Finding ways to reverse a decades-long decline in state and federal funding for public research universities was the focus of discussion Monday by Michigan higher education and business leaders.

The panel discussion was part of an American Academy of Arts and Sciences meeting that featured members of the Lincoln Project, a three-year effort to assess the condition of the nation’s public research universities.

U-M President Emerita Mary Sue Coleman, co-chair of the Lincoln Project, moderated the session, which preceded the group’s planned release later this week of recommendations to develop new federal, corporate and philanthropic sources of support for public higher education in every state.

She said the group studied high-research-volume public universities that educate about 75 percent of the nation’s undergraduates and 60 percent of its doctoral students, which is “why keeping the intellectual infrastructure of the country strong is important.”

And while it has been interesting to see how different institutions have responded to the financial challenges of the last 10 years, Coleman said, “We also want to raise the alarm because we do think that we are in jeopardy of losing a very valuable resource for the country.”

Other panel members included Lou Anna K. Simon and M. Roy Wilson, presidents of Michigan State University and Wayne State University, respectively, and J. Patrick Doyle, president and CEO of Domino’s Pizza and chair of Business Leaders of Michigan.

From left, President Emerita Mary Sue Coleman moderated the panel discussion that included J. Patrick Doyle, M. Roy Wilson, and Lou Anna K. Simon. (Photo by Scott C. Soderberg, Michigan Photography)

Doyle said Michigan’s strong university system is something that has set the state apart for many years, but more recently it has suffered from declining state and federal funding, forcing an increased reliance on tuition that restricts access.

He said the BLM group’s main goal is to again make Michigan a top-10 state in terms of personal income and job growth, and higher education is key to that effort.

“There were only a handful of areas where we said we need to invest more as a state, to strengthen assets within the state, and our public research institutions or public universities — in total 15 universities — were at the top of the list,” Doyle said.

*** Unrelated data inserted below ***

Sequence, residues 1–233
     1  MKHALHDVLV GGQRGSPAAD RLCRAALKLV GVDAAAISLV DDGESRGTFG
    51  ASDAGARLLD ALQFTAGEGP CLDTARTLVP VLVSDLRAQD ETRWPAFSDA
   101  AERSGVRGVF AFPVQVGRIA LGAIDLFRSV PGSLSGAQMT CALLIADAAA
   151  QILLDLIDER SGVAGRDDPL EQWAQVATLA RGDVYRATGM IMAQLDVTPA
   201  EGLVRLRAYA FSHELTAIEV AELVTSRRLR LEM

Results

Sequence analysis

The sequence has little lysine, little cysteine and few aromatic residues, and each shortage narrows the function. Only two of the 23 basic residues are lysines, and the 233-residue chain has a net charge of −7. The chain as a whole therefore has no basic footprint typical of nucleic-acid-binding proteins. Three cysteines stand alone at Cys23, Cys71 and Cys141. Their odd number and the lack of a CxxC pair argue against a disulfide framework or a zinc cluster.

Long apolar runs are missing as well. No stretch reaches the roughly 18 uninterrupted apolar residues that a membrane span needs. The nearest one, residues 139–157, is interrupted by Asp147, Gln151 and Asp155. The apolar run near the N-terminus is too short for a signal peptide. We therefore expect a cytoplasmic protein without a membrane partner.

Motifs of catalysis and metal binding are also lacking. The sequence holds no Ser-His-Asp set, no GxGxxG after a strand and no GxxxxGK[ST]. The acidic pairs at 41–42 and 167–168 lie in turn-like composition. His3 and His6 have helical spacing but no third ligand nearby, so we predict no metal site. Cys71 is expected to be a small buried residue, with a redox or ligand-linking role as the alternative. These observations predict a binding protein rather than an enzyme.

President Mark Schlissel touched on that same theme in his introduction of the panel, which spoke before an audience that filled the Michigan League’s Vandenberg Room.

“A better Michigan will mean a better future for all of us,” he said. “We can make Michigan once again a powerful global leader in economic prosperity.”

Wilson discussed some of the ways Wayne State has changed its engagement with the surrounding Midtown Detroit community in the past 10 years. He cited involvement with such projects as Midtown Inc., the M-1 light rail project, a public safety staff that has expanded beyond campus borders, and development plans for vacant property.

That reflects a change experienced by many universities, he said. “It seems like there’s more of a two-way street, in that there’s actually a deeper commitment of financial resources into the communities of which they’re a part.”

Simon related how various entities across the state, including other universities, helped MSU in its effort to land the Facility for Rare Isotope Beams, a major nuclear science facility funded by the U.S. Department of Energy.

“There’s a part of this in which we can imagine us pulling together for the really big things,” she said. “We’re still going to run a few of the same programs in the same places, but mostly we’re going to do it in a way that tries to collaborate and augment, not simply compete.”

During a question-and-answer session, Doyle said BLM has conducted a poll for several years asking residents to prioritize areas in which they would spend incremental state funding, if it were available. Higher education, he said, ranked below corrections when the poll started.

Year by year, as universities and business leaders have worked to emphasize higher education as a public and economic value, it has moved up on that list.

“We have made progress and it’s important that we continue to make that progress because at the end of the day the Legislature and the administration is going to listen to voters,” Doyle said. “And if we can continue to move the voting public on this issue, then I think we’re going to make progress on funding higher education.”

Tags: